“The primary texts about shmittah in the Torah are slightly contradictory,” he said. “Some of them are about letting the land lie fallow. It’s not totally clear why, but in at least one of the texts, the larger reason seems to be not for sake of the land, but for people who are poor. It really seems to be about reducing the difference between people who have more and people who have less.” (That’s from Exodus 23:11, where we are told that “For six years you are to sow your land and to gather in its produce, but in the seventh, you are to let it go and to let it be, so that the needy of your people may eat.”)
“So what does it mean for Jews in the 21st century? Could it be about Israel? Could people say ‘Davka, this is the year that I will go visit there, learn more about food systems there?’ Is it about learning more about how to help people in need in Israel? About maybe giving a little money to an Israeli nonprofit like Leket, which essentially redistributes leftover food from those who have it to those who need it – and which, coincidentally, was started by Joe Gitler, who made aliyah from Teaneck?”
Shmitta rules apply to annual crops – corn and wheat and soy, among others – but they do not apply to perennial crops, including fruits and nuts. “So someone might say, ‘OK, the way I’ll observe shmitta in New Jersey this year is to become more aware of the difference between annual and perennial crops, and make sure that there are perennials at every one of my Shabbat meals, and to point them out to my guests.'”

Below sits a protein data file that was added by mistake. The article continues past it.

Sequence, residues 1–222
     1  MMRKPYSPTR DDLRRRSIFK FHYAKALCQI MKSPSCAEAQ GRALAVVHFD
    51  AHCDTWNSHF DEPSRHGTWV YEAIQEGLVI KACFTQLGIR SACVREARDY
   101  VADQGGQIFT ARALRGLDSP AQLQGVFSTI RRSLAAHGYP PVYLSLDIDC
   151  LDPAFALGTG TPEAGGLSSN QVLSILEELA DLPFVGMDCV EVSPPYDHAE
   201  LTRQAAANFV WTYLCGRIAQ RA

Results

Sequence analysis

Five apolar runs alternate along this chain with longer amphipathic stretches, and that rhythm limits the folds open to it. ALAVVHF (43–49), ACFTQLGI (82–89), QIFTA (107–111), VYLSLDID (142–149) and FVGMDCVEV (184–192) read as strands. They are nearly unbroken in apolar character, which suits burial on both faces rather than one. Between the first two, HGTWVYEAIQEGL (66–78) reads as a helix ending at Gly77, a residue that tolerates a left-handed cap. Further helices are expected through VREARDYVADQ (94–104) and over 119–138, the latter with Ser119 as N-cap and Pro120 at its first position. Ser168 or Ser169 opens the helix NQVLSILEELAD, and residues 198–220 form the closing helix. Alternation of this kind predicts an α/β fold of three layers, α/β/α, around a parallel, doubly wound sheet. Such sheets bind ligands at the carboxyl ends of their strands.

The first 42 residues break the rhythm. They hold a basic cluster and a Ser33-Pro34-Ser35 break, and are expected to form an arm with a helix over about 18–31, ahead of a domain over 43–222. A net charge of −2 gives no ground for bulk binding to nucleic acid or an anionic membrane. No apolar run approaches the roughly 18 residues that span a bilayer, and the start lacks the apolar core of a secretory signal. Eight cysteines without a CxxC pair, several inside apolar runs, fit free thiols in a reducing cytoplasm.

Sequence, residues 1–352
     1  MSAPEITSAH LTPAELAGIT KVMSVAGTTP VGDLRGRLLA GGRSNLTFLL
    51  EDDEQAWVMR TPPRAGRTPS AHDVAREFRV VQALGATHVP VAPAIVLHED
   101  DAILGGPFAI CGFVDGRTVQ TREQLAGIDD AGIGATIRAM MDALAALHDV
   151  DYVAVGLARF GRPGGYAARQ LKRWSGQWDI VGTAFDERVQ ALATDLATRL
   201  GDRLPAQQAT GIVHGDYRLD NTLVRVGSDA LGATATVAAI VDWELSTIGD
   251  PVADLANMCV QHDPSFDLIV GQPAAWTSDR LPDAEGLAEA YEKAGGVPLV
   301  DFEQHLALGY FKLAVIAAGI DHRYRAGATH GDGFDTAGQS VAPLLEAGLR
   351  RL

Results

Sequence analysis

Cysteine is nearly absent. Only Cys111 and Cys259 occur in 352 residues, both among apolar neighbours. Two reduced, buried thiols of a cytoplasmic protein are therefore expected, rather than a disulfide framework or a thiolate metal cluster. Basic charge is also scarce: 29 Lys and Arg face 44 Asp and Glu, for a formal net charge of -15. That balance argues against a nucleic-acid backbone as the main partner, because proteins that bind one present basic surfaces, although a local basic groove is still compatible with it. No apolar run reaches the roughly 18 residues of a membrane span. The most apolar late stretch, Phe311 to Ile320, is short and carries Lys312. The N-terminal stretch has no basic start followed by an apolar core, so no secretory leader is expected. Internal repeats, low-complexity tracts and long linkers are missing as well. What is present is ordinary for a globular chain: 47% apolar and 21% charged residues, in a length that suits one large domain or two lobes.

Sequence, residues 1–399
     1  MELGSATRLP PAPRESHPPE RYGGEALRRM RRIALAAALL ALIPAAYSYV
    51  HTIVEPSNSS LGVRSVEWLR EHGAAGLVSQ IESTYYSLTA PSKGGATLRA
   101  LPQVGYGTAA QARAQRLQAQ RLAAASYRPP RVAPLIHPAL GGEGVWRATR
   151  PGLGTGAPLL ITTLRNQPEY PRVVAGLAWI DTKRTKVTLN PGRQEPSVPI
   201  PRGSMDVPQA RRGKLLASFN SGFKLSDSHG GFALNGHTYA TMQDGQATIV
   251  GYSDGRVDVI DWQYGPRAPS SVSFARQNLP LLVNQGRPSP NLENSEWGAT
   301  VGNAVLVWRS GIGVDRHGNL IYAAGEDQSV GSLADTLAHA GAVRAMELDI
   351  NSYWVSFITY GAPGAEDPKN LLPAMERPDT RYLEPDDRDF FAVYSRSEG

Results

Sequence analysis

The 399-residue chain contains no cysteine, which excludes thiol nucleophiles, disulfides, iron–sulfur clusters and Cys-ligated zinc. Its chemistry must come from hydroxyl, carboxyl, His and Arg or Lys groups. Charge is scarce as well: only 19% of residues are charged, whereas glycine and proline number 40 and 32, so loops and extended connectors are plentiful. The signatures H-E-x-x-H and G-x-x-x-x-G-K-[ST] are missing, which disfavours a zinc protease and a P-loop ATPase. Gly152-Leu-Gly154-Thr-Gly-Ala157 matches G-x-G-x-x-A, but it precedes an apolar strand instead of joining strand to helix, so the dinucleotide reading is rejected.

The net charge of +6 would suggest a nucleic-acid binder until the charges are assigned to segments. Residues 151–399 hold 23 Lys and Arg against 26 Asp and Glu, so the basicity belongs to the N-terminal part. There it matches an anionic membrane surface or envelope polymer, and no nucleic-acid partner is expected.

Mr. Savage said that Rabbi Nina Beth Cardin of Baltimore points out that although the most vibrant aspects of Jewish life tend to have a lot of ritual associated with them, there is no ritual for shmitta. She suggests creating such a ritual, Mr. Savage said. “What if we created a shmitta seder plate to have on Rosh Hashanah?” A seder plate has seven things – we already have apple and honey and challah and wine, so what should the other three things be? Maybe one is a pomegranate. And then what about the other two? It leaves us a space both to be creative and to think about tradition.”
He has some suggestions for a shmitta observance outside Israel. “Shmitta means letting go. We all have to figure out what to let go,” he said. It is that act of letting go, of making do, of creatively repurposing, of working with what’s there, that is the essence of the concept.
“In my household, that might be buying books,” he said. That is a habit to which he is addicted. “Several months ago, I started taking books I haven’t read off my shelves and wrapping them in newspaper. We now have a stack of newspaper-wrapped books, at least 0 or 70 of them. They are not labeled.
“One of my ideas is to disable the one-click on Amazon – to take my credit card off. That will make it a lot harder for me to buy books. So every time I have the craving for a new book I will go into my study and pick one of the books and unwrap it. And then I will say, ‘Oh my God, I always wanted to read this.'”
Similarly, he said, an artist friend has decided not to buy new art materials, but instead to use what he has and to try to work with found objects for the year.
Shlomo Carlebach said that “the Torah is a commentary on the world, and the world is a commentary on the Torah.” True to his idea of recycling, Hazon has taken that saying and applied it to shmitta. “It means that the conversation goes both ways,” Mr. Savage said. “Shmitta is a great time to go between tradition on the one hand and new ideas on the other.”
Hazon has created a sourcebook for shmitta. It’s online; you can find it by googling Shmitta Hazon sourcebook.